We’re just a few days away from the Super Bowl, which pits the Baltimore Ravens against the San Francisco 49ers. It takes a lot for a team to reach the Super Bowl. What it certainly does NOT take is possessing a rich movie scene in a team’s home city. But let’s compare the two anyway, just in case this is finally the year where that kind of thing somehow makes a difference on the field. Which city boasts a better movie scene, Baltimore or San Francisco?
First Quarter: Notable Films
There’s a surprisingly long list of films that have been made in Baltimore. The most notable films on the list include Diner (1982), Twelve Monkeys (1995), The Silence of the Lambs (1991), Mosquito Coast (1986), Sleepless in Seattle (1993), and… uh… Major League II (1994), I guess. Additionally, part of Alfred Hitchcock’s Marnie (1964) is set in Baltimore, as are many films from John Waters and Barry Levinson. That’s a solid showing, even if The Wire can’t be counted for the extremely scientific purposes of this article since it’s a TV show.
The list of films made in San Francisco includes Dirty Harry (1971), Raiders of the Lost Ark (1981), Harold and Maude (1971), Vertigo (1958), Happy Gilmore (1996), Guess Who’s Coming to Dinner (1967), and What’s Up, Doc? (1972), amongst others. Expanding the list to include films set in, but not filmed in, San Francisco adds The Graduate (1967), The Birds (1963), The Maltese Falcon (1941), and Greed (1924). Unfortunately for San Francisco, it’s also responsible for Star Trek IV: The Voyage Home (1986).
I’ve concocted a totally scientific and mathematical point system. It’s executed by a robot named the GridBot Filmsphere 3000. Through that, I can now award points to each city. Baltimore asserts itself as a pesky underdog with a surprising list, earning a field goal (3 points). It also earns another field goal simply because San Francisco is responsible for Star Trek IV. San Francisco, on the other hand, proves to be a juggernaut, jumping out to a whopping 21 points thanks to five AFI top 100 films and several other AFI top 100 nominees. Few cities in America could compete with San Francisco’s firepower here. At the end of the first quarter, it’s San Francisco 21, Baltimore 6.
Second Quarter: Notable Directors
San Francisco boasts a respectable amount of natives who went on to direct movies. Mervyn LeRoy and David Butler anchor San Francisco’s list in the first half of the 20th century, each possessing healthy filmographies with reasonable quality. Since 1970, the city’s list of directors is dominated by two names- David Fincher and Clint Eastwood, each having directed Oscar Best Picture nominees.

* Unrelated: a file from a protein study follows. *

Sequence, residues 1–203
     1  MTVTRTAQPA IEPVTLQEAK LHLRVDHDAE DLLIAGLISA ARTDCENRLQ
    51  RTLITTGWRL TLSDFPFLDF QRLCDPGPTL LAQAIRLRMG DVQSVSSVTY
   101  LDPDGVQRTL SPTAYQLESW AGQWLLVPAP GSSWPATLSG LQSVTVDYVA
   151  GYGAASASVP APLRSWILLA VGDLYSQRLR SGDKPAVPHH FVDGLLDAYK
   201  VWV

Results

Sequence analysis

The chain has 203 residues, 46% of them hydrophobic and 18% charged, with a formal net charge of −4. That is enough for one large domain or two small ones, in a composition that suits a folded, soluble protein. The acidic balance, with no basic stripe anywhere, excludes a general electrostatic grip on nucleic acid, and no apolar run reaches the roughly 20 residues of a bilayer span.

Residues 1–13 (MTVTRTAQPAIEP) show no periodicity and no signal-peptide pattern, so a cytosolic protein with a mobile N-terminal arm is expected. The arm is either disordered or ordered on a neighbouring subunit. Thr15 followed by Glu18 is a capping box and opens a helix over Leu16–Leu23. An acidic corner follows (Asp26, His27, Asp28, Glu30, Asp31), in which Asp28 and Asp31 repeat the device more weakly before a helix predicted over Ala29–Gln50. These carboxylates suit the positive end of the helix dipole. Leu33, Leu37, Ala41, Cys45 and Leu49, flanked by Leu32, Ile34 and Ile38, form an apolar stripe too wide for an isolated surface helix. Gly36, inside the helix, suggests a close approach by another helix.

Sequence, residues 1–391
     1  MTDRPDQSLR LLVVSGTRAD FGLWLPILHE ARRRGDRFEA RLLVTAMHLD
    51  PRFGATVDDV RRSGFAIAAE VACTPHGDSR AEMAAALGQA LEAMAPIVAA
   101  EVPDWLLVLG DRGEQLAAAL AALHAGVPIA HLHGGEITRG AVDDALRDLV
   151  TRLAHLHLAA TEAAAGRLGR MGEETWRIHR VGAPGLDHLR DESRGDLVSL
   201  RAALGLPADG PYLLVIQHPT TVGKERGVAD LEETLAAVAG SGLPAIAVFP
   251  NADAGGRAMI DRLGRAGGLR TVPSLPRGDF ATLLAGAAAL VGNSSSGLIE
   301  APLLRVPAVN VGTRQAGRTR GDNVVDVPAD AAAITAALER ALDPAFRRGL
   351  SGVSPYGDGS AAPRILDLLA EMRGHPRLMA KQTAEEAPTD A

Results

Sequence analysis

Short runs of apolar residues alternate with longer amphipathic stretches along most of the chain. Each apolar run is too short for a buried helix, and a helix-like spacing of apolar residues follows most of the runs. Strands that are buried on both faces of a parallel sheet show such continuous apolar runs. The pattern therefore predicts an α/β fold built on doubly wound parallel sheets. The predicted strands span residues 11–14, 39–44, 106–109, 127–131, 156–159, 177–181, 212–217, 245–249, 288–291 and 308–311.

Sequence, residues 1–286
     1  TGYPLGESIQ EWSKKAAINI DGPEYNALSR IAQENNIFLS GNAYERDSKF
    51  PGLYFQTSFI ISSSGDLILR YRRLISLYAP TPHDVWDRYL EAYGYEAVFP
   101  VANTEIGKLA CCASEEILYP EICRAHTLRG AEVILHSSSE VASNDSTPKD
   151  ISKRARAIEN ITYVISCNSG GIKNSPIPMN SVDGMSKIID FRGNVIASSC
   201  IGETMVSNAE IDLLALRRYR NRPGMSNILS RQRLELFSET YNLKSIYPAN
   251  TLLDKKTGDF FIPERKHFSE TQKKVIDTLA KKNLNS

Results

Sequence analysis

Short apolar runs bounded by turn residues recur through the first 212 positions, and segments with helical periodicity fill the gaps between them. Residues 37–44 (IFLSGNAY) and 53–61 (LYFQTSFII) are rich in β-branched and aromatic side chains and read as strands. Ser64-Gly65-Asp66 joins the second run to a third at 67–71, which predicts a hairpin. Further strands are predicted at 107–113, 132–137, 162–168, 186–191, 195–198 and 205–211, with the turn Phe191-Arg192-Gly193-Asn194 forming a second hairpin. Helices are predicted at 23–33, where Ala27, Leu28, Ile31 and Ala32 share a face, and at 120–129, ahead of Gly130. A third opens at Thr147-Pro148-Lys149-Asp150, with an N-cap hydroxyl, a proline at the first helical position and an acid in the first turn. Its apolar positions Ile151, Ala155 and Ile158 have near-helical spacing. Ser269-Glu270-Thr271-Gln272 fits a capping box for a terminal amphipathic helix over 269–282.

Baltimore’s director list matches San Francisco blow-for-blow. Charley Chase worked mostly as a silent film director, and was responsible for the classic comedy, Sons of the Desert (1933). Barry Levinson hails from Baltimore (or is it Bawlmer?), as does John Waters and his army of oddball films.
San Francisco’s list gives them a decent quarter of cinefootball, earning them another touchdown with GridBot. However, Baltimore’s list earns a touchdown as well, and picks up a field goal because their directors are very true to their city. At halftime, San Francisco has opened up a 28 to 16 lead. Can Baltimore close the gap in the second half?
Third Quarter: Notable Actors
Baltimore comes out swinging in the third quarter- the one about actors- by giving the world John Astin, Julie Bowen (starlet from Happy Gilmore, a San Francisco film), Ed Wood stalwart Conrad Brooks, John Waters stalwart Divine, Charles Dutton, character actor Michael Tucker, and the big one- Edward Norton.
San Francisco’s answer includes Danny Glover, Rob Schneider (ouch), Natalie Wood, Alicia Silverstone, Liev Schreiber, Bruce Lee, Clint Eastwood, Leslie Mann, and Benjamin Bratt. Sorry, San Francisco. You’re going to have to pay for Rob Schneider.
The actor list for Baltimore is mostly underwhelming, but Edward Norton earns big points in the super-duper scientific points system, and awards Baltimore a touchdown all by himself. But once again, Baltimore can’t make up much ground. Although no single member of San Francisco’s trio of Danny Glover, Natalie Wood, and Bruce Lee is as good as Edward Norton, they add up to match Baltimore’s touchdown. Throw in Eastwood and you get three more points. Through three quarters, San Francisco has a seemingly safe 38 to 23 advantage. Are there any intangibles that will help Baltimore close the gap?
Fourth Quarter: Intangibles
John Waters’ distinct style earns Baltimore some extra credit, particularly since it’s so inexorably linked to the city. In fact, as a general rule, films associated with Baltimore- either via actors, directors, or filming locations- have a lot of very unique character, a certain charm that transcends the generic. Additionally, there’s never been a San Francisco movie scene as ridiculous as the popcorn box scene in Diner. None of these aspects are the deciding factor, although it’s more than enough for the GridBot to tack another 10 points onto Baltimore’s score.
San Francisco, on the other hand, asserts its presence every time it’s on screen. The Golden Gate bridge is a massive and unforgettable icon, and the steep incline of the city streets as well as the bay make it a highly recognizable filming location. Moreover, Baltimore has nothing that can answer for Alcatraz, the site of numerous movies. GridBot awards another 10 points to San Francisco.
That gives us a final score of 48 to 33, a high-scoring affair. Baltimore was true to its role as a scrappy underdog. Against other cities like St. Louis, Seattle, or Atlanta, Baltimore surely would have emerged victorious. However, San Francisco is not just any other city. It’s a film juggernaut, more on par with places like New York, Chicago, Boston, or Los Angeles. Now it’s time to put the GridBot away for another year, prepare a bunch of unhealthy snacks, watch some commercials, and hope for a good game.